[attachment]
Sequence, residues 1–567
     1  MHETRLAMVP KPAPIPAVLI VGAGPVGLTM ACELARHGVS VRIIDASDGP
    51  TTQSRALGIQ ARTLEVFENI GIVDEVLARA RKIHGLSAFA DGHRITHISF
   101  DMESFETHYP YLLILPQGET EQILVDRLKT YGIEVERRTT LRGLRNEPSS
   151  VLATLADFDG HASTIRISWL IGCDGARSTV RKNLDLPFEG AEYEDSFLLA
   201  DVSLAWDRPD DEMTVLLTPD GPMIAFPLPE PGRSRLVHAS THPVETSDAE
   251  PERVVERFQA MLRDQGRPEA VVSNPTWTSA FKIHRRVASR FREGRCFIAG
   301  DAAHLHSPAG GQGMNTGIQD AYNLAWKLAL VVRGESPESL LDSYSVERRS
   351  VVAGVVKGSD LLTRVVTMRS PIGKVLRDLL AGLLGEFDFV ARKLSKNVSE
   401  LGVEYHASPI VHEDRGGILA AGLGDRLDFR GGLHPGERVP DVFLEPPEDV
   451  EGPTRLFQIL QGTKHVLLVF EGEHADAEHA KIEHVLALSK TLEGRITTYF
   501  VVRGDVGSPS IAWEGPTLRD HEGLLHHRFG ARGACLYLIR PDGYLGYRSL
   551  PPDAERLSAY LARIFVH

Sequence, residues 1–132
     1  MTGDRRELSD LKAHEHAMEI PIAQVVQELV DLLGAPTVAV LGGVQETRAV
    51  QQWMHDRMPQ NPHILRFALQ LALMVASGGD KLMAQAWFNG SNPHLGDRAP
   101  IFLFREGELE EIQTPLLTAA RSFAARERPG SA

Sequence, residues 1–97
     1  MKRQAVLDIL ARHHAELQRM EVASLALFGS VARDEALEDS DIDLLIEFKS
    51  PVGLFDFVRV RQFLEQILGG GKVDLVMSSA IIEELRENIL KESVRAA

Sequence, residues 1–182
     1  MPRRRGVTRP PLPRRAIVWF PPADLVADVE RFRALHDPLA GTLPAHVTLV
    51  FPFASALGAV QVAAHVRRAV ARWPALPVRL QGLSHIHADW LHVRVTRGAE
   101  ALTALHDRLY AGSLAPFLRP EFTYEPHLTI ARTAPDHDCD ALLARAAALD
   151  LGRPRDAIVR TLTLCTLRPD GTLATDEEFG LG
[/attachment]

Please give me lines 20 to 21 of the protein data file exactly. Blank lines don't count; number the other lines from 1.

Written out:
    51  PVGLFDFVRV RQFLEQILGG GKVDLVMSSA IIEELRENIL KESVRAA

Sequence, residues 1–182